Posted by Tim (126.96.36.199) on September 15, 2000 at 08:25:42:
In Reply to: Changing your ethics... posted by Andreas Isaksson on September 15, 2000 at 06:33:32:
I hate to seem pedantic, but are you truly asking about our ethics, which in its strict sense refers to a system of behaviors that apply to a recognizable group, or to our morals, which are generally held to be individual?
Buddhism hasn't affected my ethics at all. My profession has a few stated ethics, and I've always honored them to the best of my abilities.
My morals have similarly been unaffected. I still have the same value structures I always have. In fact, I distrust people who suddenly acquire new values as a result of religious experience. I've never seen such a conversion take hold over the long haul. When it appears to have taken place, it always seems that the person held the values before the conversion, but needed an excuse to express them.
Now, I have to add that my interpretation of what constitutes moral behavior has changed somewhat. Those on the outside might have trouble seeing the subtle changes, but those who know me well can tell. I'm more tolerant of irritations today. Not supremely tolerant, but more so. I am more relaxed, which has little to do with morals.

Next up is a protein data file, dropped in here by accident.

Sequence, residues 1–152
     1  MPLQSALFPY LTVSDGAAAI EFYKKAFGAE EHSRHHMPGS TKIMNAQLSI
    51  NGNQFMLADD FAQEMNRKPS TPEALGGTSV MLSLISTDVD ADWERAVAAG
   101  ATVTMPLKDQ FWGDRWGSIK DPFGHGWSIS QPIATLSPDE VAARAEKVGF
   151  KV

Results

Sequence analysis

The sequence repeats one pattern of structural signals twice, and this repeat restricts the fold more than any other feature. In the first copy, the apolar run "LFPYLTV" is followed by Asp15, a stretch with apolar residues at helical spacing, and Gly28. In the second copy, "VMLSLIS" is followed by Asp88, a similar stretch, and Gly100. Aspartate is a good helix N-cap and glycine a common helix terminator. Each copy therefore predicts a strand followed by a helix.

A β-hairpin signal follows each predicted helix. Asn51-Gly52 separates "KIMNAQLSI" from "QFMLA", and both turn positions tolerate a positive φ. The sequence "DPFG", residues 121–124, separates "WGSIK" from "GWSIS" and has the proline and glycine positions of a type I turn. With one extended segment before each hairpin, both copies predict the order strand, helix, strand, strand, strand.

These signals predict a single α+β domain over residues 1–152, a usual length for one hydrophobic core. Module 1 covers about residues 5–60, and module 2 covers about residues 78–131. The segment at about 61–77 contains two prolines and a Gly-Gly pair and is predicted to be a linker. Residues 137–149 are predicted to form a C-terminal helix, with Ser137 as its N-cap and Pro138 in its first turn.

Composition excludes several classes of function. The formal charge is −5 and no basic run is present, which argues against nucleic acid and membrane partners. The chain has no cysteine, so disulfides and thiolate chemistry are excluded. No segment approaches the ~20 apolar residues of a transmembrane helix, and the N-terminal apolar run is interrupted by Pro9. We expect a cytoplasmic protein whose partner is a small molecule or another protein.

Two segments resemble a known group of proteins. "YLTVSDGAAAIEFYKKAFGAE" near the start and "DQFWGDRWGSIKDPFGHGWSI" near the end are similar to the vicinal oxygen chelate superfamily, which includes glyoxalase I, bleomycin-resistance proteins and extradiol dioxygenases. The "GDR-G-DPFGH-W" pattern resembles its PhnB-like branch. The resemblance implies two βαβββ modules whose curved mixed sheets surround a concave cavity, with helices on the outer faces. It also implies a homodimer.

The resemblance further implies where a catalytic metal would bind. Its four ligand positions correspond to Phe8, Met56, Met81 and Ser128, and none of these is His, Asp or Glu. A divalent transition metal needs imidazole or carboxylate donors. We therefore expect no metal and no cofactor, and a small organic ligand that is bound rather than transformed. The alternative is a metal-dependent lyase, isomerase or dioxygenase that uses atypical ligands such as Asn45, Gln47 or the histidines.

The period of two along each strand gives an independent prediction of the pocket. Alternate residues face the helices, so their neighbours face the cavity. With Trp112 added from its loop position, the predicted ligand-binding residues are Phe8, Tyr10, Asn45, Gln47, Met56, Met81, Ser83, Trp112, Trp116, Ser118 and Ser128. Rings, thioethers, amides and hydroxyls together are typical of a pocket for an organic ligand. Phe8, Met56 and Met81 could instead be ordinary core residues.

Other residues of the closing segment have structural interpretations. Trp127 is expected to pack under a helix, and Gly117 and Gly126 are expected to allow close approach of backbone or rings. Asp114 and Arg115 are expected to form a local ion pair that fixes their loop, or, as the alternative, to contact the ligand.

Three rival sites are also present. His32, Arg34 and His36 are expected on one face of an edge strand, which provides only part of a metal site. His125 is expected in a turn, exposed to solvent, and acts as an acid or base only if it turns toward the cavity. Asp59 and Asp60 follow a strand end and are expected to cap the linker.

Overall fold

The major change Buddhism has brought to me is a sense of "ok-ness", of confidence that what's uncomfortable for me isn't necessarily a bad thing. I don't automatically judge a situation as bad or good at its inception. At least, not usually. I recently had a prolonged enforced idleness from a contract at a major corporation I contract with. My partner/wife was upset, but I wasn't. I felt that with effort, we could find something in the situation to be happy about. And that has come to pass, as the downtime has given me the opportunity to make contacts far and wide within the company, leading to much more work.
This isn't a moral story. But it's the best I can do.
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